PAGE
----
Trump budget chief says Puerto Rico's doing great as island loses power


Mick Mulvaney insisted that Puerto Rico was doing great seven months after Hurricane Maria. But the actual news begged to differ.

Budget director Mick Mulvaney bragged about the administration's response to Hurricane Maria just as an island-wide blackout hit Puerto Rico.

During a House Appropriations Committee hearing, Rep. Nita Lowey (D-NY) pressed Mulvaney about his support for the deficit-exploding tax scam. While serving in Congress, Mulvaney demanded offsets for disaster relief.

Lowey asked if tax cuts were more important to him than disaster relief. Instead of answering directly, he responded by boasting about the government's response to the devastation in Puerto Rico.

"96 percent of customers have power now," Mulvaney said. "Keep in mind, more people have power now, in Puerto Rico, than before the storm."

And he insisted that the administration was "making an exception" for Puerto Rico by ensuring that "they're going to be better off" than they were before the storm.

"So I think we can make the argument that we're treating them better than we treated folks who were in New York and New Jersey during Superstorm Sandy," Mulvaney said.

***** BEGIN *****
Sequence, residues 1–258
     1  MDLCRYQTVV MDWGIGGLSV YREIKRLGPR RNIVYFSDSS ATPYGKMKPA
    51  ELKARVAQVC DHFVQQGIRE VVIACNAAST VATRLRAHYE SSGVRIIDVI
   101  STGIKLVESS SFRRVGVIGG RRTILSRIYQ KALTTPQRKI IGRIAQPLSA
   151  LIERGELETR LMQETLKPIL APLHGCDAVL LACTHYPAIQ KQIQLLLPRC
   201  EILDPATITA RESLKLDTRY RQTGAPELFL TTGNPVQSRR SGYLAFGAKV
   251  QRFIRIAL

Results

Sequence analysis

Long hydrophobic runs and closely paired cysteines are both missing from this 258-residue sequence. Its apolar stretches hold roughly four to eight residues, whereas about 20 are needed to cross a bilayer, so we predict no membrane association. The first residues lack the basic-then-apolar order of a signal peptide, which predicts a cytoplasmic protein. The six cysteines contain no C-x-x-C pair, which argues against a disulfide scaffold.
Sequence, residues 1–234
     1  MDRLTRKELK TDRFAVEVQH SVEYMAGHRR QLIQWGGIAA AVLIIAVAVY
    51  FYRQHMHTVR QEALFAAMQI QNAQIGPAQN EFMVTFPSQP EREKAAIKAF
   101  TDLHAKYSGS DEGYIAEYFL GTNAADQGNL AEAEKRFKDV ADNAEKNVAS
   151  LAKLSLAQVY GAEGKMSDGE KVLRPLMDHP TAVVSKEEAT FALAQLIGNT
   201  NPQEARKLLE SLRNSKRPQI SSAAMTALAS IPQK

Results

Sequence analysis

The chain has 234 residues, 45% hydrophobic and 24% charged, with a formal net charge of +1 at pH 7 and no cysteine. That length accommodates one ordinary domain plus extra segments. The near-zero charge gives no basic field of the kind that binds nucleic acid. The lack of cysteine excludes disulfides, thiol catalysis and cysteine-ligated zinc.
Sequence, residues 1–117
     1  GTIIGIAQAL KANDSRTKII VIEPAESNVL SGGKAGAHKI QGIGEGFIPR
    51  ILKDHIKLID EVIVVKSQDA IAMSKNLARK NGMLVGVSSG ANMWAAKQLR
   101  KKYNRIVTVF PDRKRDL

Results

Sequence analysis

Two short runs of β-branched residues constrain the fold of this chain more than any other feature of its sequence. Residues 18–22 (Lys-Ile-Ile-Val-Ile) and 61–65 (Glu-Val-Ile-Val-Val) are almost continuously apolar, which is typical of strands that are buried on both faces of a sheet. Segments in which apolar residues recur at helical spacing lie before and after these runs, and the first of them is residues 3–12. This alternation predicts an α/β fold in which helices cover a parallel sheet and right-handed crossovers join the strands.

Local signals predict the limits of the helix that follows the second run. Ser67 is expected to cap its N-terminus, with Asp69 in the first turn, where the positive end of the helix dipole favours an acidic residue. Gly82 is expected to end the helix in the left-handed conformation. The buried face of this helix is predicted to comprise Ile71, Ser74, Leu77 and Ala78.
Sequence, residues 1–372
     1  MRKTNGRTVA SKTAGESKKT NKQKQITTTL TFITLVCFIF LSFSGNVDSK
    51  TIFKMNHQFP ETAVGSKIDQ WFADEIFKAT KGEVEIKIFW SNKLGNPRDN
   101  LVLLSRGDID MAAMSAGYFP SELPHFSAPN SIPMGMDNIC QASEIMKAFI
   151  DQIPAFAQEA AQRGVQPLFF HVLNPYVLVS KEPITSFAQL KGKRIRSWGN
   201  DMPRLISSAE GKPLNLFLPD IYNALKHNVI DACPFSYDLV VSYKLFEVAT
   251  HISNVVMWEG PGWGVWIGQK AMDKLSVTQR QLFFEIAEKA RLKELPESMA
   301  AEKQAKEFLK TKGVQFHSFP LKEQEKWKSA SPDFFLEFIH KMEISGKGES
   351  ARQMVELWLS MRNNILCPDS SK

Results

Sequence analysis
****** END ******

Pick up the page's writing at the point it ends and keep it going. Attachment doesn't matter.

But even as Mulvaney spoke, the entire island lost power, less than a week after another massive blackout.

Mulvaney was citing congressional testimony that power had been restored to 96 percent of Puerto Rico. But according to the Energy Information Administration, that's the same percentage that had power before the storm, with a difference of only a few thousand customers.

After nearly seven months, that's nothing to brag about.

Trump's response to Hurricane Maria was a rolling disaster. He repeatedly attacked the people of Puerto Rico while they were suffering. His neglect led to the longest blackout in American history.

In fact, with more than 3.4 billion hours of electricity lost, it became the second-largest blackout in world history.

Mulvaney's claims made it clear that he doesn't know what he's talking about. And it's also apparent that the administration still doesn't care about what's happening to Puerto Rico.